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Making KYC Easier When Growing Internationally—6 Tips
- By Andrew Deichler
- Published: 6/3/2016
NEW YORK -- Corporate treasury professionals whose organizations are expanding internationally discussed how to make the know-your-customer (KYC) process easier at this week’s New York Cash Exchange 2016 conference.
Paul Canavan, CFA, senior director, corporate finance for Netscout Systems, a network monitoring company that recently acquired three companies overseas, explained that his department was “overwhelmed by the amount of information we needed to provide” for KYC. He added that since each country is different, it would help if banking partners would provide clients a list of KYC requirements for each country before going in.
Stuart Gleichenhaus, senior managing director, officer of the CFO Solutions for FTI Consulting, said that the KYC requirements were probably the “most painful” thing he’s had to deal with when expanding internationally. “The way, I think, to streamline that process would be for whichever law firms are involved to create a repository of all the documents that almost every country will need,” he said.
Gleichenhaus also recommends moving quickly to get your people identified in each country who are going to be the officers or directors of a new entity. Most of the time, banks are going to require their personal information—passports, signed documents, etc.—so having that ready in advance can make the process run smoother. He also believes it is essential to have a bank partner that is working alongside you that controls most or all of the accounts.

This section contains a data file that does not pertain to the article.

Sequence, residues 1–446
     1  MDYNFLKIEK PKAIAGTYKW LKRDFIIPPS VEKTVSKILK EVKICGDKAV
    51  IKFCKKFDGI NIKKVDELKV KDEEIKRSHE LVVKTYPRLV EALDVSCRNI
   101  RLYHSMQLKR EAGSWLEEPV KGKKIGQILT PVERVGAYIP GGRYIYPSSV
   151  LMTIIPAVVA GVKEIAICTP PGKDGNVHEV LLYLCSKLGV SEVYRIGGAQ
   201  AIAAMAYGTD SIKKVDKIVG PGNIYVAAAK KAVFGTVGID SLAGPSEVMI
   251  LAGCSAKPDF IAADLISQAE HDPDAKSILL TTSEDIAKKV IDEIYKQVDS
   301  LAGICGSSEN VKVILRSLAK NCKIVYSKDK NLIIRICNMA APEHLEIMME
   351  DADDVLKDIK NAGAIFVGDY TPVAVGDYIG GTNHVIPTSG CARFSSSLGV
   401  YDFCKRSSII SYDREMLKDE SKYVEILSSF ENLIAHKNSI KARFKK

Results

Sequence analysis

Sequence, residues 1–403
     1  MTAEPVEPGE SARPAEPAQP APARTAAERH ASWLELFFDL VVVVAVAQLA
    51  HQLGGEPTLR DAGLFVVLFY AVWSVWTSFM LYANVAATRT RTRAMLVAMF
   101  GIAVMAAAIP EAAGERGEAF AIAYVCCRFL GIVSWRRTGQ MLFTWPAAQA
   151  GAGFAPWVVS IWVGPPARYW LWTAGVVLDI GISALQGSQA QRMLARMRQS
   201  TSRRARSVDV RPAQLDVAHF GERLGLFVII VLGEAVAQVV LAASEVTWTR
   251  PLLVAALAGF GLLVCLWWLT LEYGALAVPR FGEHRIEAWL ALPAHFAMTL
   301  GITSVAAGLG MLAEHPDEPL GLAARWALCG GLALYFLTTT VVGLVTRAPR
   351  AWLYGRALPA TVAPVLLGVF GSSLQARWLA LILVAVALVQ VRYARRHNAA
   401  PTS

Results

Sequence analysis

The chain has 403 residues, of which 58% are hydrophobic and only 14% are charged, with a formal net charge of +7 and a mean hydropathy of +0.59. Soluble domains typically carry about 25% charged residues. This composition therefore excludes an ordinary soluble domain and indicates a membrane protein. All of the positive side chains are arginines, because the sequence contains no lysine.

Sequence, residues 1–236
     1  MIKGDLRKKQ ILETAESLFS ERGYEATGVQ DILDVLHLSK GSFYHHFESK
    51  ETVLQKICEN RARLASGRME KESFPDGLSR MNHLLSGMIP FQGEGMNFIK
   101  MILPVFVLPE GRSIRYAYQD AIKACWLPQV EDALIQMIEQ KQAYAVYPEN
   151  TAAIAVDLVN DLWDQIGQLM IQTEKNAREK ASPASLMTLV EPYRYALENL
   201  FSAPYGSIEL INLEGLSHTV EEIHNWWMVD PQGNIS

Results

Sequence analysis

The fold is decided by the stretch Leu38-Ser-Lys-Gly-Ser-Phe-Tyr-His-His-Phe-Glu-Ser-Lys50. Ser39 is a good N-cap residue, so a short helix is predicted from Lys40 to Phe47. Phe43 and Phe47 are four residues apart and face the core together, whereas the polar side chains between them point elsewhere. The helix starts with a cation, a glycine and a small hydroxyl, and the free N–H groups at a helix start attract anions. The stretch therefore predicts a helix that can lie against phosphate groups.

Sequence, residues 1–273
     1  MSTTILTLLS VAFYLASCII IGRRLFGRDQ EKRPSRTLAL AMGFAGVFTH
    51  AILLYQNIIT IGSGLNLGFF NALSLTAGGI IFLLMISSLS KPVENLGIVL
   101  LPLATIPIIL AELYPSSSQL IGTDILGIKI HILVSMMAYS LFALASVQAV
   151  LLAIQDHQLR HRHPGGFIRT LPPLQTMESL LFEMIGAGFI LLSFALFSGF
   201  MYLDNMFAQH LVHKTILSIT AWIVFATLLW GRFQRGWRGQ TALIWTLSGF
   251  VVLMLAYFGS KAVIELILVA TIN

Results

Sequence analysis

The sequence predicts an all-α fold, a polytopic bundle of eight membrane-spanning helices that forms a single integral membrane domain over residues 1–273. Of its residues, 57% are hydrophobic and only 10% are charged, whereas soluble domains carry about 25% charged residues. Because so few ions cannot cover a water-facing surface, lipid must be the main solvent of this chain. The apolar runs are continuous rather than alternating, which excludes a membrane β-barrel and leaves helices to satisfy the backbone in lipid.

“There’s no perfect way, but that’s what I’ve found can work—get the documents ready, get the people in place, and then get the bank to help you,” Gleichenhaus said.
KYC lessons learned
In a separate session, Robert W. Campbell III, director of corporate accounting and reporting for Lydall Inc., also noted that working closely with your banking partner is crucial for KYC. “Finding that expert within that banking partner for that region is key,” he said. “In my opinion, it doesn’t hurt to get down to the nitty-gritty detail in terms of developing an action plan for a particular region to simply open up accounts.”
But before you put that action plan in place, it’s important to also bring everyone to the table—legal, tax and finance. “It’s very important to have them at the table up front because you could have one set of plans and you could be ready to go and then you find out tax or legal aren’t on the same page you are,” he said.
Campbell explained that when his company first began expanding into Europe, he didn’t follow those steps and he learned very quickly how problematic the process could be. “From that point forward, I came up with very detailed action plans in terms of moving from region to region and working with the different departments within the organization—they have to be at the table when you tackle these issues. And I found that the use of a banking partner was incredible,” he said.
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